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Do you suffer from fear of missing out?

Try it all: Like eating at a buffet, our columnist has a desire to explore as many options as possible

The ancient Greeks and Romans used baths for relaxation, health and healing. Last week in New York, I visited an awesome spa recreating the ‘thermae’ experience: the caldarium (hot bath), tepidarium (warm), frigidarium (cold plunge), a floatarium (super salty) ... the options went on.

I tried the warm one first, then the bubbly one, then the next. But I wasn’t feeling relaxed, I was feeling anxious.

All of these lovely treats but I had this nagging worry that I would not fit them all in.

I was suffering from a classic case of Fomo (fear of missing out).

I’m the sort of person who prefers to order multiple appetisers to try more things in restaurants; there’s a desire to get the most out of life and explore all its options.

That is OK with food, to a certain extent (although never look at my plate at a buffet table), but there is a fine line between that desire and the fear that if we do not experience it all, we will be missing out and left wanting. Fomo can creep into all areas of life.

I find it is feast or famine here. Sometimes it feels as though there is nothing to do, then four things are organised on the same weekend. I want to attend them all.

In New York there was such a big commute between locations that I had to pick one place at a time but here in Bermuda, it is small enough to get around and fit lots in.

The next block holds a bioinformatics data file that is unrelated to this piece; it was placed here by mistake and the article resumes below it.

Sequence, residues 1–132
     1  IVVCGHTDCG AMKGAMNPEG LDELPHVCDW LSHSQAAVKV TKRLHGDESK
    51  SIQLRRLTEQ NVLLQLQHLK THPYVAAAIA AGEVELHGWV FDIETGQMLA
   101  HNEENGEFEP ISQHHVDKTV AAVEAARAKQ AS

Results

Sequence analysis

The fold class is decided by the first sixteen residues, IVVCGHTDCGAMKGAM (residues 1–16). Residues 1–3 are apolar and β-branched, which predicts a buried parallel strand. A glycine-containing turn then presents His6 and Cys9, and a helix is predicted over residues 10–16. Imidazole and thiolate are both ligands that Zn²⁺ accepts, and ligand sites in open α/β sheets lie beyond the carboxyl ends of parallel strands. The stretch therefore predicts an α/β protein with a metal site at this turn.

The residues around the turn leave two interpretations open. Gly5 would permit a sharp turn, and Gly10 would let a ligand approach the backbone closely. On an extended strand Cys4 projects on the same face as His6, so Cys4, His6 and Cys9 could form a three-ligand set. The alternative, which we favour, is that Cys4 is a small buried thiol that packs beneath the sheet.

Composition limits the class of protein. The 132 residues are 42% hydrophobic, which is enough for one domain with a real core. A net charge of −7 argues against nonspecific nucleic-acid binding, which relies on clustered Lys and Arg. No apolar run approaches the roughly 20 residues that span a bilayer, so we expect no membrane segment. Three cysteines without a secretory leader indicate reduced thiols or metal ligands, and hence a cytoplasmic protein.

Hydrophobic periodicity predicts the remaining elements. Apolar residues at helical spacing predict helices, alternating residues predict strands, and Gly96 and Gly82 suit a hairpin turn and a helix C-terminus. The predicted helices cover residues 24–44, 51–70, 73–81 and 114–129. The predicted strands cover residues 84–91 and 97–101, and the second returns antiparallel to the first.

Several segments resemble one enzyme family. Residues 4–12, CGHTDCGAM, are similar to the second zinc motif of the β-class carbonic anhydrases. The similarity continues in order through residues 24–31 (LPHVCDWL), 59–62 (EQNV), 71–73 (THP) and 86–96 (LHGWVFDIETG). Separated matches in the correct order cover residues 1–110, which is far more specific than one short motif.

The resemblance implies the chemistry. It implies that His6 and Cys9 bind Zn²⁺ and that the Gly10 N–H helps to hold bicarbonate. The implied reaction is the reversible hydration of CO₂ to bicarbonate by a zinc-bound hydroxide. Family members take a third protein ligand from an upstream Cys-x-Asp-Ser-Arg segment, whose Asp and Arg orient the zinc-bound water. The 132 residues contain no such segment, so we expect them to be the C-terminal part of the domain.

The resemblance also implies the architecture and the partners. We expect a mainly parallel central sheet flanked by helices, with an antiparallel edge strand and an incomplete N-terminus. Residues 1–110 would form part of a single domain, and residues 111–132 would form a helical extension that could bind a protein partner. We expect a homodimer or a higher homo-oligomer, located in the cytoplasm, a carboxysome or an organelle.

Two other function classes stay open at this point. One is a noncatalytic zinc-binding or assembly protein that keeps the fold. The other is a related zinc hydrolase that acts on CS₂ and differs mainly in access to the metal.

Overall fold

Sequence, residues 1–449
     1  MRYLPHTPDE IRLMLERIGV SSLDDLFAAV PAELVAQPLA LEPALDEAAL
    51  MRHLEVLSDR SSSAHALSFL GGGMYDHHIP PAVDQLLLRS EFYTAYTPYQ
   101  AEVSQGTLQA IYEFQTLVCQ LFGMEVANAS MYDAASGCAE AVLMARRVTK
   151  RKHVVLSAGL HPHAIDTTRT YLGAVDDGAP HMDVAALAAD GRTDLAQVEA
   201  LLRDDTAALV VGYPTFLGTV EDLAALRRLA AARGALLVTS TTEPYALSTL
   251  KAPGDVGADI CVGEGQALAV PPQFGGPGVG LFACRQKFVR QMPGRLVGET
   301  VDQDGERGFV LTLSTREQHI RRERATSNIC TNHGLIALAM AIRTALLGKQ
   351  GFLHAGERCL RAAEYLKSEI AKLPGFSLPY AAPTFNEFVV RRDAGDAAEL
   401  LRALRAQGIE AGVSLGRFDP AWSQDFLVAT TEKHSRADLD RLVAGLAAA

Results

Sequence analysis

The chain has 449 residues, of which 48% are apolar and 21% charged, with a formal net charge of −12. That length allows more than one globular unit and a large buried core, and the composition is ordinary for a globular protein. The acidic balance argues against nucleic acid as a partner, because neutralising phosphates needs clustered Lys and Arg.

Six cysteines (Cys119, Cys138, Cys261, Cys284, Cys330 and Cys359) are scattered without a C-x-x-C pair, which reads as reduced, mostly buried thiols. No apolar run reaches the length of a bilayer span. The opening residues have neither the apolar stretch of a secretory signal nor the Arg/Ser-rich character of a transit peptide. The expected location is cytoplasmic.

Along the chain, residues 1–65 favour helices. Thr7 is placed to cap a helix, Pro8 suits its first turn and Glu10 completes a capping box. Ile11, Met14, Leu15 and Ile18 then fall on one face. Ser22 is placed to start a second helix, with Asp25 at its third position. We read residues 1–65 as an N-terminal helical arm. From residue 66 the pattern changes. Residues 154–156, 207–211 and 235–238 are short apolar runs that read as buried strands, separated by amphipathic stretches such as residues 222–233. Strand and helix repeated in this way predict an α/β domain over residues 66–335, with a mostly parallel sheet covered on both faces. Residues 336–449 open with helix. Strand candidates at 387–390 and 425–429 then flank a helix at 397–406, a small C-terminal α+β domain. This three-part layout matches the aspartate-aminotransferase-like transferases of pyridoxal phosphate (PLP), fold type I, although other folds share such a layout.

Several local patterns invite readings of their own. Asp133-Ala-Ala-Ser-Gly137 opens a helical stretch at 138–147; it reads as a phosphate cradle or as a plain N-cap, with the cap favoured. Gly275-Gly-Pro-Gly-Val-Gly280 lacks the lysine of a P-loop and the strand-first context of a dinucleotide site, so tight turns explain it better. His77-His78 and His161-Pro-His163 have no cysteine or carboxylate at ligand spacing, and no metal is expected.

Even so, who here hasn’t been caught ringing in the New Year in a car trying to get from one party to the next?

The problem with Fomo is that we can spend the whole time we are doing something thinking about the next thing, or the thing we did not choose, and so miss out on being present where we are.

We get in a tiz about what others are doing that we are not — the updates on their Facebook page, some place we were not, an event, gathering, the whatever that could have been … what?

The most important moment in our lives? Something fun? Another place to get anxious about what else we could/should be doing? Not to mention Fomo’s effect on relationships.

Symptoms include problems making decisions, overbooking, overextending, Facebook-envy, clock-watching, antsy, never feeling present.

The prognosis is that if left undiscovered, Fomo can lead to feelings of resentment, dissatisfaction with life and relationships, running ourselves ragged trying to fit it all in, disconnection with others, and missing out on fully experiencing what we are doing in the moment.

There is an antidote: recognise when Fomo might be showing up. Now I laugh out loud when I catch myself feeling anxious to do more or be more and work out if it is a true desire or just fear driving it.

Practice gratitude for where we are, when we are there, reminding ourselves that we are exactly where we’re meant to be for now.

• Julia Pitt is a trained success coach and certified NLP practitioner on the team at Benedict Associates. For further information contact Julia on 705-7488 or visit www.juliapittcoaching.com.